Even if we associate with different kinds of people, we are all somehow pulled into a pre-determined role and subconsciously start acting out that part. Put a bunch of alpha people together and they will subconsciously sort themselves into the predictive social hierarchical order. Some of them will take on the role and more passive behavior expected of those lower down. I have often experienced the opposite, befriending people like myself, only for the same pecking order to miraculously manifest, with lovely people tapping into their repressed aggression and treating me unkindly. Goodness, I am ashamed to say I have even caught myself doing it!
Because of the invisible tentacles of supremacy and control inside every group, I cannot promise you or myself, that one day we will find our tribe, nor will I insist female tribalism is the solution to our feelings of social disconnect. Because every tribe has the same hierarchy, and sooner or later the roles will manifest and you will likely find yourself back in the same position, having those all-too-familiar experiences and feelings, no matter what the common thing is that brought you together.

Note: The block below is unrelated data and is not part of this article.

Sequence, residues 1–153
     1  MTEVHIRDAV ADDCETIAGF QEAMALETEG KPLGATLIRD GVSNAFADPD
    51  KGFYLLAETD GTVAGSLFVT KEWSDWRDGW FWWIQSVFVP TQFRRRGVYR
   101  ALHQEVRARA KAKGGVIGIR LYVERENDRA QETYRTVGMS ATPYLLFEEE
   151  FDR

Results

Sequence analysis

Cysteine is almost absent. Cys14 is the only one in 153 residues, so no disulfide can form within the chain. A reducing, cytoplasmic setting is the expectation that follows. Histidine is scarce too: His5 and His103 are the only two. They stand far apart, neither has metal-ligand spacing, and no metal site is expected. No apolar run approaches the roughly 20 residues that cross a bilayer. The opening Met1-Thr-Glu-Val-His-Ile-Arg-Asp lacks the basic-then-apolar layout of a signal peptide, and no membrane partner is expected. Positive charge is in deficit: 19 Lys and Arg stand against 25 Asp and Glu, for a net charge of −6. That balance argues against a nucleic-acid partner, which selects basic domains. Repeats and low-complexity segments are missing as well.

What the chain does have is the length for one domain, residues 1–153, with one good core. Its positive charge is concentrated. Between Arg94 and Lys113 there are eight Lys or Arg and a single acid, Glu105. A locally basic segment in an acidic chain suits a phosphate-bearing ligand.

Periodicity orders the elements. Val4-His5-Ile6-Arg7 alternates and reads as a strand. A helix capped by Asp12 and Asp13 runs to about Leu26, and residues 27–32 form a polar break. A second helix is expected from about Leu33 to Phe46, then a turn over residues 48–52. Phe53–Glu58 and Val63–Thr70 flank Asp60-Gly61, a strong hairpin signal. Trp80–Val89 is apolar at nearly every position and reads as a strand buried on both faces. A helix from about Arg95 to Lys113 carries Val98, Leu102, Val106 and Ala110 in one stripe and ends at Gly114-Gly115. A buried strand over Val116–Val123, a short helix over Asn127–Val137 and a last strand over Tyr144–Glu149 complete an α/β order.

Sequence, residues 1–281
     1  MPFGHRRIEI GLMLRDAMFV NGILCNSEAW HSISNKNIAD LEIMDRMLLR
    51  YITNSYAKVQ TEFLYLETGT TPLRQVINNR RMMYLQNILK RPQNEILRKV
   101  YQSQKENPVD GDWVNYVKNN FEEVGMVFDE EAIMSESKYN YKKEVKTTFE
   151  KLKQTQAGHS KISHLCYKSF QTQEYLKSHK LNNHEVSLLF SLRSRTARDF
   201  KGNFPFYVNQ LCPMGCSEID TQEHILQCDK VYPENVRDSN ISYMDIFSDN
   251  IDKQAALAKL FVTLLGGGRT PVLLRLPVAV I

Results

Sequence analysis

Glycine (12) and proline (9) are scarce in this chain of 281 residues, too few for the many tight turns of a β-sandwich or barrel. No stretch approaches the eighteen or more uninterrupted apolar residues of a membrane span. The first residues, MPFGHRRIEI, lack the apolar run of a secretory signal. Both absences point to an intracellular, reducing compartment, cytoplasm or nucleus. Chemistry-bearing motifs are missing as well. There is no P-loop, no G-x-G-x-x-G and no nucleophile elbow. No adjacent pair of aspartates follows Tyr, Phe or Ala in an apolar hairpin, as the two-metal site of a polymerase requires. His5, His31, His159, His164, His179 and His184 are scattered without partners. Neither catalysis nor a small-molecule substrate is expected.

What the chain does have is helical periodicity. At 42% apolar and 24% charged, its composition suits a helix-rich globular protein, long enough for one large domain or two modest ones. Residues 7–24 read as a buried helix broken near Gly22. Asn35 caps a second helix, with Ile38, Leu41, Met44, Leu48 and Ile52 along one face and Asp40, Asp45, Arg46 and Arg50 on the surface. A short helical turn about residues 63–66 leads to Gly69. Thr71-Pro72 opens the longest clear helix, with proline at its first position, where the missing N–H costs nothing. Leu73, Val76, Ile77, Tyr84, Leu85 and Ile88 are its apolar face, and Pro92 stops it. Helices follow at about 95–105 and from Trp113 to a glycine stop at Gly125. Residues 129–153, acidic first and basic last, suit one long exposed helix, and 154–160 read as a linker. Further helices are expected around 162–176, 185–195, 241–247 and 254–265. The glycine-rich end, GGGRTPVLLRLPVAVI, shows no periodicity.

How I Climbed Out of My Lonely Despair
I was fixated on having friends and being part of a group. But eventually, I realized that inserting myself into a tribe, just created the illusion of agency, while in reality, because of my low-ranking social position, I was perpetually giving agency to those above me. Every tribe forced me to the bottom and sucked my power, transferring it to those above. My life was always going to be the same unless something drastic changed. And change it did. I did not ladder climb and become the assertive person I always wanted to be, I worked within the parameters of my personality and my trauma. I found the things that were effective for me, but they might not resonate with you or be possible in your circumstances.
One of my biggest personal wins, was to learn to enjoy my own company. I know this sounds simplistic and it may not feel possible or even desirable for you. It took me years to achieve, because I leaned on other people to validate, approve, and support me when I felt alone or was emotionally floundering. Alone-time, to me represented rejection, that I was not good enough and perhaps I was an unworthy, bad person. In my alone time, I was unable to disarm my introspection and would sabotage the serenity of silence. Instead of being my own best companion and enjoying the peace, I would abandon myself. Being alone = being lonely.